Antonym Step Method
Antonym questions can take the least time of all the Verbal question
types, if you know the meaning of the word in the question stem. The method for
this best-case scenario is simple and to the point. We’ll talk later about how
to go about it when you’re stumped by the stem word, but when you know it,
follow these steps:
Step 1: Simplify the Word.
Step 2: Predict an Opposite.
Step 3: Match Your Prediction to the Answer Choices.
Here are the basics of each step.
Step 1: Simplify the Word. Even if you know the meaning of
the word in question, that doesn’t mean it’s in its most user-friendly form.
Since you’ll be trying to make your own prediction in Step 2, it makes sense to
work with the easiest form of the word you can think of. If the original word is
already easy for you, then there’s no need to simplify it. No doubt you can work
with a word like greedy as is, and trying to simplify it may be
more trouble than it’s worth. However, it probably pays to turn a word like
relinquish into give up before trying to
think of potential opposites.
Step 2: Predict an Opposite. When you’re comfortable with the
word in question or a simplified synonym for it, try to come up with an opposite
of your own before looking at the answer choices. If you go to the choices
immediately, they may distract you from your understanding of the word or cause
you to lose your train of thought. You’re less likely to go off track if you
have a notion in mind before you hit the choices. Remember that positively
charged words will have negatively charged antonyms, and vice versa. Your
prediction need not be elegant, nor should you expect to find your exact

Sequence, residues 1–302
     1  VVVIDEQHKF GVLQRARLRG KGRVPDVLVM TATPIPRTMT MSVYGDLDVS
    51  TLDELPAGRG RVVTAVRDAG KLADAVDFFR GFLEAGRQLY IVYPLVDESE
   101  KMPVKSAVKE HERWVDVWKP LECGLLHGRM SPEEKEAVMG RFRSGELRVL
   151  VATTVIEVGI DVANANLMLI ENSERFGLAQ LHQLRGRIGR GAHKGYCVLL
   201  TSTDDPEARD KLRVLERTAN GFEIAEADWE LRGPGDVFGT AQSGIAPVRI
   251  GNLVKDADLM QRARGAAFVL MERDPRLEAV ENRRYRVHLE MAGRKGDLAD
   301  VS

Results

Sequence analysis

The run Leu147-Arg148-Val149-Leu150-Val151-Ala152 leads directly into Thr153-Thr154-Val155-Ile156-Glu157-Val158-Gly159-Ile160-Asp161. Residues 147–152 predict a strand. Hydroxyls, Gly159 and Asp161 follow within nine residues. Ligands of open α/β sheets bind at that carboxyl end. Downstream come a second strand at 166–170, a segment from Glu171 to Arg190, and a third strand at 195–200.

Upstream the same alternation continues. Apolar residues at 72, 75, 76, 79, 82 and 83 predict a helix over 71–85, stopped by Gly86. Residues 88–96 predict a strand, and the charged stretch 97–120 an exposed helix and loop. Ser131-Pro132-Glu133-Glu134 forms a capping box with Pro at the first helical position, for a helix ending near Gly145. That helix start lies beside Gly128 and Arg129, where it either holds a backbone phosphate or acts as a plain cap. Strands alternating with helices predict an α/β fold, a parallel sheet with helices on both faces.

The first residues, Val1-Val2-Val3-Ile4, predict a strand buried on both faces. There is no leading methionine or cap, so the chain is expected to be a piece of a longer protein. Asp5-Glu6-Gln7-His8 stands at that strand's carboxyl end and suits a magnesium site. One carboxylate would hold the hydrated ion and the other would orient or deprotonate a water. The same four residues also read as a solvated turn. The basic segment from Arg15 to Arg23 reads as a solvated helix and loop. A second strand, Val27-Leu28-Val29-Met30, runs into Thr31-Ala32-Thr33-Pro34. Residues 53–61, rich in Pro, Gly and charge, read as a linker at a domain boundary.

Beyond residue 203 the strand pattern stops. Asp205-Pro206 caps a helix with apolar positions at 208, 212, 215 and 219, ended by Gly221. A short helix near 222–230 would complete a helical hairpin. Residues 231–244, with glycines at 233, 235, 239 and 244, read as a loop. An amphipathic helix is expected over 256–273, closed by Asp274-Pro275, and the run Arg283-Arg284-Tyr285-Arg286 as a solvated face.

prediction among the choices. The important thing is to come up with a notion
that will represent the essence of the right choice so you’ll recognize it when
you see it.
Step 3: Match Your Prediction to the Answer Choices. When you
have a prediction in mind, scan the choices for it. Optimally, you’ll breeze by
the imposters until you come across one that matches your idea. Even then, you
should quickly check the other choices to make sure there’s not a stronger
opposite. And sometimes you’ll still have to work a bit harder for the point.
Even if you know the meaning of the stem word and have a viable prediction at
your fingertips, you still may need to employ some of the fundamentals discussed
earlier, or other strategies discussed below, to eliminate wrong choices before
settling on a choice.
We’ll demonstrate the basic step method with the following example.
Step 1: Simplify the Word. It may not be the toughest
word you’ll see on the test, so let’s assume you know what
superfluous means. Still, it could use a bit of
translation for our purposes, so let’s simplify: Something
superfluous is something that’s “more than required,”
“not essential,” or “unnecessary.” Any of these notions would do, so let’s
carry them with us into Step 2.
Step 2: Predict an Opposite. The opposite of something
that’s “more than required,” “not essential,” or “unnecessary” is something
that’s “required,” “essential,” or “necessary.” Any of these words would
make for a fine prediction.
Step 3: Match Your Prediction to the Answer Choices. With
our predictions in mind, indispensable should jump out,
since something indispensable is something one can’t do without; that is,
something required, essential, or necessary. C means the same
as our prediction and is therefore correct.
But let’s say you had some initial trouble with the word
indispensable. Referring back to our section on word
prefixes, suffixes, and roots, you can still make a proper guess at it. Note
that the word is formed from the word dispense. You
probably do know that dispense means “to get rid of.” The
prefix in means “not” or “without,” so something